Jealousy as a teacher
Today my best friend is coming up to see my photography exhibition. This means the world to me.
We’ve been friends since school and we lived together in a flat in London in our mid-twenties while she was doing an MA in Fine Art and I was working in marketing.
I have always been powerfully jealous of S and her artwork, all the way from school through to, well quite recently really. Let’s face it, jealousy is an ugly emotion, certainly not one that we are supposed to feel of our friends. Of course, I was deeply supportive of her and her work, going to exhibitions and private views and everything else. But underneath the jealousy was eating me away, especially when she was doing her MA and I was working in marketing in IT and telecoms, a jobs which was making me so utterly miserable that I would frequently go to work with what would have been a hangover for anyone else, but was just my usual state of being, not to mention bleeding under my shirt sleeves from my latest bout of self harm.
I think most people would have seen this as an alarm call, but I didn’t. I had money to make. Even though I don’t want money to buy stuff, I wanted money to signal success and achievement. Something which I still struggle with to this day.
It took getting ridiculously ill to make me realise that things were wrong. By this stage I had left marketing, trained as a teacher – detested that and was working in the arts, after doing an MA in Arts Administration and Cultural Policy, but I still wasn’t doing what I needed to be doing. I used music to get well again, learning the flute and joining a concert band. I focused all my energy into practice, even when I couldn’t really sit up for any extended periods of time.
I took up photography, using my camera to start documenting beautiful moments in the everyday. I don’t live in a picturesque area, but none the less I looked for beauty (in its widest definition) as a practice of mindfulness and gratitude (here’s my Beautiful Thurrock project).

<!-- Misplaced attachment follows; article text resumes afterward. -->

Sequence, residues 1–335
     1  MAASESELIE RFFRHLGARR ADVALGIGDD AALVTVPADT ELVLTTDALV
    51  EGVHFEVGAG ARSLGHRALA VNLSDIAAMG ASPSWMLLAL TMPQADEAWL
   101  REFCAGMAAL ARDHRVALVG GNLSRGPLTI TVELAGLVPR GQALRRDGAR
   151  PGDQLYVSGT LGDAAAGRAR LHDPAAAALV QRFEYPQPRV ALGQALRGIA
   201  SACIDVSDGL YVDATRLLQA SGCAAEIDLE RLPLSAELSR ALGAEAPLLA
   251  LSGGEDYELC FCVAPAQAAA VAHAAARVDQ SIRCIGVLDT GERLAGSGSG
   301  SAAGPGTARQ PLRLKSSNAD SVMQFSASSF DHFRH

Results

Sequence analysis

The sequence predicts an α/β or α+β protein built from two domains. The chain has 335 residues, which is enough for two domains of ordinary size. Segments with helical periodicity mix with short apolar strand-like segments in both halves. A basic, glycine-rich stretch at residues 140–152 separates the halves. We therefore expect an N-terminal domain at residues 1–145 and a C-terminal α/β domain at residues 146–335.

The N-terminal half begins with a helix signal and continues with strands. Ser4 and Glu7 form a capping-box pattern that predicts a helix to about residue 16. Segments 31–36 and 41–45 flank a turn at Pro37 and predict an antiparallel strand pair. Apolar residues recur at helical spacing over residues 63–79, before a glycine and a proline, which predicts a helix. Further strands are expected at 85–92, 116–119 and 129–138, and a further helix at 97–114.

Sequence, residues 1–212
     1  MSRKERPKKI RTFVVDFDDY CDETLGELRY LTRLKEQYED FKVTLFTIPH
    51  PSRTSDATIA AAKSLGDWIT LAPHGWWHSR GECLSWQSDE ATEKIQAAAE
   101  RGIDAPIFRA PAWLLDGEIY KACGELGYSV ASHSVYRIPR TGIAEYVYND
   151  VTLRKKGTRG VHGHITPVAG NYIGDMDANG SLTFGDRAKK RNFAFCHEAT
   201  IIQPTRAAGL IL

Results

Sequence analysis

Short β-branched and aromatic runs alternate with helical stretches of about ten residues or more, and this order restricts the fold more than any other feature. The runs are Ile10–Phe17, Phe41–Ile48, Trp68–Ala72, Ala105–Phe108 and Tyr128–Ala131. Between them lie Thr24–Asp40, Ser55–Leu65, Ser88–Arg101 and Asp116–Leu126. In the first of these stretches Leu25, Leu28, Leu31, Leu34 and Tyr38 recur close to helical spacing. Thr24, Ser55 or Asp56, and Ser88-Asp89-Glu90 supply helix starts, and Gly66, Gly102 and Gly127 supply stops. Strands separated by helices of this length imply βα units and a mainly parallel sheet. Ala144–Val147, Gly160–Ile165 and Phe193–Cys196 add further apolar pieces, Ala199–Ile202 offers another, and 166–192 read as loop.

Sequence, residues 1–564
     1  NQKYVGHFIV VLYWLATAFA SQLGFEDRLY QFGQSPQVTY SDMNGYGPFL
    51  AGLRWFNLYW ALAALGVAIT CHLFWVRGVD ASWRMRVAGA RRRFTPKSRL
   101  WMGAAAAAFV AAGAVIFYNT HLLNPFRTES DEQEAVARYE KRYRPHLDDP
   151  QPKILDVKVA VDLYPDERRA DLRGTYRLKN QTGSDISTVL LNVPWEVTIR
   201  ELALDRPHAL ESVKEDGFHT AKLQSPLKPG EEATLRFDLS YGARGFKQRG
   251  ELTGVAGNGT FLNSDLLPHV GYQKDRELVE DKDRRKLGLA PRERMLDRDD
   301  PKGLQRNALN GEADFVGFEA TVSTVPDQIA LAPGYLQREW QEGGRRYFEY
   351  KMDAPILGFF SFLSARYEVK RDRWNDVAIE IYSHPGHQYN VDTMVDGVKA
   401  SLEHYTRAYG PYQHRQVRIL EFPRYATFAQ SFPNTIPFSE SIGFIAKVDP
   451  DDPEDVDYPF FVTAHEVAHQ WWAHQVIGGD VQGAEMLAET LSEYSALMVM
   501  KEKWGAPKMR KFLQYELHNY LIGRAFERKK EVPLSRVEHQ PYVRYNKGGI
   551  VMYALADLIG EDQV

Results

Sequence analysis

And my writing. This is my third blog sharing more personally and I wish I had kept up the first one, but writing helps me so much. I am working on creative writing too, as I have so many ideas, but the fear is deeply strong with that, so I have a long way to go before I can even commit to writing and sharing.
And now my best friend is coming to my exhibition to see my photography. I have come so far and I am so pleased she is coming out to see me.
What would have happened if I had listened to that jealousy when I was younger? I possibly wouldn’t have finished my BA hon. in Theatre Studies and then gone straight into marketing because I needed money. I may have dossed around for a while and found work which was more suited to me at a much younger age. Not needing to go through the mess of my life to get here. Of course this is a dangerous game to play because if I hadn’t of gone into marketing I wouldn’t have met my husband, and many other good things in my life. But I may have found my calling at a much younger age.
Now I try to pay attention to that jealousy. Not to lash out at people with it, but to ask is it teaching me something? Is it signalling that I should be focusing in a different place? Is there jealousy in your life somewhere? Can you listen to what it is telling you?